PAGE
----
|Series Theme: The Anguish of Job|
1-10 roughly cover Ch.1-4
11-20 roughly cover Ch.4-7
21-30 roughly cover Ch.8-11
31-40 roughly cover Ch.12-15
41-50 roughly cover Ch.16-21
51-60 cover Ch.22-33
61-68 cover Ch.34-42
Meditation No. 34
Meditation Title: Security in God?
Job 13:13 -15 "Keep silent and let me speak; then let come to me what may. Why do I put myself in jeopardy and take my life in my hands? Though he slay me, yet will I hope in him”
There are religious people who get upset at any wrong word spoken before God. The God they know is harsh and judgemental and who will strike out at anyone who says a word out of place. That is not the picture of the God of the Bible. I have always marvelled at Moses' willingness to argue with God. His two-chapter dialogue (Ex 3 & 4) is an amazing example of someone making excuses before God, but then his knowledge of the Lord is very limited so he gets away with it. But after all the Exodus happenings, the deliverance from Egypt, the journeying to Sinai and the revelation received at Sinai, you might think Moses has learnt to hold his tongue before an Almighty and Holy God but when the Lord threatens to destroy the makers of the golden calf, we find Moses arguing with God not to do it. As a young Christian I was always fascinated by preachers speaking of Moses ‘importuning' God. It means soliciting Him or persistently pressing Him. It becomes clear that this is exactly what the Lord wanted of him. When God comes in the flesh in the form of His Son, Jesus, there are lots of interactions between Jesus and his disciples, especially Peter who was always opening his mouth to put his foot in it. Having observed that at length, I conclude that Peter felt utterly secure in Jesus' presence and felt quite able to speak his mind. When we come to Job, we find something very similar.
See how he starts out in this next part of our study: “Keep silent and let me speak;” (v.13a). Come on, guys, give me space, allow me to say what is on my heart, is what he is saying. But note how our verses above continue, “then let come to me what may.” (v.13b). Wow! In other words, let me speak my heart and I'll take whatever comes. Now those are either words of careless folly or they are words spoken out of immense security, and I suggest it is the latter. In one sense, perhaps, he's already received so much suffering and sorrow that perhaps he thinks there is nothing more that God can do, but the words that follow seem to have more assurance behind them than that somewhat negative and fatalistic view of it. He asks a question about his actions: “Why do I put myself in jeopardy and take my life in my hands?” (v.14). He realises that speaking rashly before God is a dangerous and foolhardy business, but then he speaks out words of immense confidence in the Lord: “Though he slay me, yet will I hope in him.” (v.15a).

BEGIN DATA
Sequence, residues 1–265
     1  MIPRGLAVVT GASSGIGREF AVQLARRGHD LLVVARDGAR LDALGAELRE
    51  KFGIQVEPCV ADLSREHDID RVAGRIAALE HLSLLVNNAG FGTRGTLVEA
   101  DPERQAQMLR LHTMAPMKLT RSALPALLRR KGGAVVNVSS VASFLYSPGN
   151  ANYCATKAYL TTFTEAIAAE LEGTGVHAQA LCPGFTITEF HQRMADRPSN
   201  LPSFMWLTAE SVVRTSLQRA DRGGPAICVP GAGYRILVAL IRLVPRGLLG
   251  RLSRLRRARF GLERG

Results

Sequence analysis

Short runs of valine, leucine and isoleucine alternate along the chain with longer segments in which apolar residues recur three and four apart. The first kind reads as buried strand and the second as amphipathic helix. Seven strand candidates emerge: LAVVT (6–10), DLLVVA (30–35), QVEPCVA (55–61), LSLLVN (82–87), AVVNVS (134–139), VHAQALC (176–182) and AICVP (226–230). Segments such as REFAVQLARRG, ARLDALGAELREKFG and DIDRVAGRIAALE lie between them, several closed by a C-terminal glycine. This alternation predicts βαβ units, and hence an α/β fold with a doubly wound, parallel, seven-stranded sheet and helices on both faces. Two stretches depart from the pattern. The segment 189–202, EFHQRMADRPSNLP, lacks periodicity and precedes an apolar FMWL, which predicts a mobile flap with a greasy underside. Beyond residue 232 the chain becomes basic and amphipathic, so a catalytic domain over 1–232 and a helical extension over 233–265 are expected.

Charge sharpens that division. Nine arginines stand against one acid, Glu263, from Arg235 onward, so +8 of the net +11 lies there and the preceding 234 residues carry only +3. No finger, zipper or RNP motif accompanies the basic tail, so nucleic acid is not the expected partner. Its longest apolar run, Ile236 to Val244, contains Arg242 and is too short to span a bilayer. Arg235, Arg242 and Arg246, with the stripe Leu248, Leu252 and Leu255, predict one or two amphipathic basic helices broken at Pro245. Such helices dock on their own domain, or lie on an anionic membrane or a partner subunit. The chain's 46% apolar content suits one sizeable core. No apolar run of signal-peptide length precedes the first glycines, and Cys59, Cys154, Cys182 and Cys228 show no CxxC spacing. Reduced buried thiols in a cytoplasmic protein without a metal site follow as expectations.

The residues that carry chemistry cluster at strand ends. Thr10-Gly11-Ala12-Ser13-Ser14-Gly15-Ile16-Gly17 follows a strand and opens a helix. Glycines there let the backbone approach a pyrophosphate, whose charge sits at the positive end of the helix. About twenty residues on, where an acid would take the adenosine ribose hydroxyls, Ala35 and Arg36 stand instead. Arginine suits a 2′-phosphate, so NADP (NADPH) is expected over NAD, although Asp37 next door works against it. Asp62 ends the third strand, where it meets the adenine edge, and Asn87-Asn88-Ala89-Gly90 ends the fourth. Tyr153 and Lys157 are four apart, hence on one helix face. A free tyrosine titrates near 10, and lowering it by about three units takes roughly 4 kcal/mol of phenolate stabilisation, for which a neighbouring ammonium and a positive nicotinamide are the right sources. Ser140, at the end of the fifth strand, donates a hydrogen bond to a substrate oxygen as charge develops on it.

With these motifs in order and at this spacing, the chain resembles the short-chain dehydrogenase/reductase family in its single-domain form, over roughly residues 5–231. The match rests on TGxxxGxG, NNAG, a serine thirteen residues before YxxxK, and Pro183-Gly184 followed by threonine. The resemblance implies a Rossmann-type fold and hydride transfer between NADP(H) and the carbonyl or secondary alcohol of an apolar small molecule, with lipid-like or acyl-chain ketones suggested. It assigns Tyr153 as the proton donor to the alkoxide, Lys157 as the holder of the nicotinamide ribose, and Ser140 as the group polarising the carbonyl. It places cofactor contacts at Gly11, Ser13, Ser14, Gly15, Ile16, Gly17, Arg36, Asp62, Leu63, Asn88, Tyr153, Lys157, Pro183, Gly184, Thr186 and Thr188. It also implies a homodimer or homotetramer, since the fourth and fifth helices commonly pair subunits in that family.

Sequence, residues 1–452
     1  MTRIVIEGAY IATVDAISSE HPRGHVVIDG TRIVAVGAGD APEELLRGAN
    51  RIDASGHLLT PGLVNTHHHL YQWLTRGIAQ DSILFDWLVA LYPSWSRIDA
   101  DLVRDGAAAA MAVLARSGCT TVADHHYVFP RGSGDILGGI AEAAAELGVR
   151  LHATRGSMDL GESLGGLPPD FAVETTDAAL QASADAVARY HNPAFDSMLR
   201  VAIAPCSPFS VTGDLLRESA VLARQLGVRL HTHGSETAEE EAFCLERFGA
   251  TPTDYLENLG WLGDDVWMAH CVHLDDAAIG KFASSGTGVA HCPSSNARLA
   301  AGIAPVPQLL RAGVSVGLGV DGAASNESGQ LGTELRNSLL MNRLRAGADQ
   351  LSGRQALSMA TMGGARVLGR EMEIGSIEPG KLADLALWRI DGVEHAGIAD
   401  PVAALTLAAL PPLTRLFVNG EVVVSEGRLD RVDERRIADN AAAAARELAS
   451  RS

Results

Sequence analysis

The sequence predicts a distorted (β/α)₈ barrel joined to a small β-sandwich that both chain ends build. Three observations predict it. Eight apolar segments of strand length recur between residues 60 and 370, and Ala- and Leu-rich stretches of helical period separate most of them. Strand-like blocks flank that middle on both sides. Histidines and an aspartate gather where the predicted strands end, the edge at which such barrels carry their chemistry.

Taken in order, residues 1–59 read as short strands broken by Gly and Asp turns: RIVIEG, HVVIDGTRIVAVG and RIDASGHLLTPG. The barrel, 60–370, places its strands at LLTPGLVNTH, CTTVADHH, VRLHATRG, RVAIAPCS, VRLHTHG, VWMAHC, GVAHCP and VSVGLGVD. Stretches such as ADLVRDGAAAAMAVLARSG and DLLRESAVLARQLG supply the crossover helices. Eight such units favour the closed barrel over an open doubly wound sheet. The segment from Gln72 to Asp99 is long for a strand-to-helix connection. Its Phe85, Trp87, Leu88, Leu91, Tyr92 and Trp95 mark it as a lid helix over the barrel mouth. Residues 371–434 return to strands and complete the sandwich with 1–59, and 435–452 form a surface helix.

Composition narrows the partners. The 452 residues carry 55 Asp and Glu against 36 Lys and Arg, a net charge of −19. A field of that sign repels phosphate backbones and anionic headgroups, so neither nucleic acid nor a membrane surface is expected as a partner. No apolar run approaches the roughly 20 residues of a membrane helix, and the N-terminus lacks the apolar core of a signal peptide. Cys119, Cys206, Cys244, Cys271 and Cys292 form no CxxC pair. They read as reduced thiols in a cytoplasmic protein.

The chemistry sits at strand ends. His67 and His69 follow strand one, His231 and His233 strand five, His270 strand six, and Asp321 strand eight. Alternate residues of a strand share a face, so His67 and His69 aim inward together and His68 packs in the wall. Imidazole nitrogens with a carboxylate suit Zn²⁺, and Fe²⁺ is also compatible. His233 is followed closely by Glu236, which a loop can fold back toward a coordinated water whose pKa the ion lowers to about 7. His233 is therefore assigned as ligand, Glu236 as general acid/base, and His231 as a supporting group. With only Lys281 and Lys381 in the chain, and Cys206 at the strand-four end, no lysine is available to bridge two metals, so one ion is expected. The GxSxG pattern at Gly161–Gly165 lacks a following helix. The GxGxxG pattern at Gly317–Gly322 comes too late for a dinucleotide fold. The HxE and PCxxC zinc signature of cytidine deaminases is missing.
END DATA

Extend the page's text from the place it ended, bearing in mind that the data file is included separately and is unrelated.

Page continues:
Those must be some of the great words of this book. God can take my life if that is His desire, yet I will trust Him for whatever comes after that, I will hope in him, I will put my entire future into His hands and feel utterly secure and what He will do with me. Some of these Old Testament saints were incredible! I always marvel at the way the writer to the Hebrews spoke about Abraham being willing to offer Isaac, “Abraham reasoned that God could raise the dead.” (Heb 11:19) These men shame our often weak faith. Job has such confidence in the Lord and his relationship with Him that he is not afraid to say, “I will surely defend my ways to his face.” (v.15b) To His face? Job is willing to look God in the eye and defend himself!
But his confidence goes on and on: “Indeed, this will turn out for my deliverance, for no godless man would dare come before him!” (v.16). This will turn out for my deliverance? In this he trusts in God's loving goodness and His faithfulness to what Job knows about Him, and then also in his own godliness. It is not pride to be able to look the truth in the face when it is about yourself. The apostle Paul taught, “Do not think of yourself more highly than you ought, but rather think of yourself with sober judgment, in accordance with the measure of faith God has given you.” (Rom 12:3). Humility is the ability to see yourself as you are, to see your limitations AND to see your grace that God has given you. Job knew that he had been godly and wasn't ashamed of it, and so also trusted that God would honour that godliness. In fact as he goes on, he builds on that certainty: “Listen carefully to my words; let your ears take in what I say.” (v.17). I'm happy to enlarge on this, is what he infers.
He continues, “Now that I have prepared my case, I know I will be vindicated.” (v.18). I've thought about this, is what he is saying, and I trust God and trust what I know about my own motivation and actions, and I believe I will be vindicated by Him. Indeed, when we come to the end of the book, as we've noted before, the Lord declare to the three friends, “you have not spoken of me what is right, as my servant Job has.” (Job 42:7). Job concludes his case, “Can anyone bring charges against me? If so, I will be silent and die.” (v.19). Look, he says, as I look back over my past life, I have examined myself and I am not conscious of having stepped out of line and having sinned, therefore you won't be able to find anything legitimate to say against me; you can make these generalisations about me being a sinner, if you like, but I challenge you to find specific wrong things that I did.
That is an amazing claim. It is similar to Paul's claim to the Thessalonians: “You are witnesses, and so is God, of how holy, righteous and blameless we were among you who believed.” (1 Thess 2:10). It's not a pride thing to be able to say this. It is a simple statement of truth spoken in humility. We should not be ashamed to say, “With God's help I have been righteous this day”. Job actually has some lessons in humility for us. May we heed them!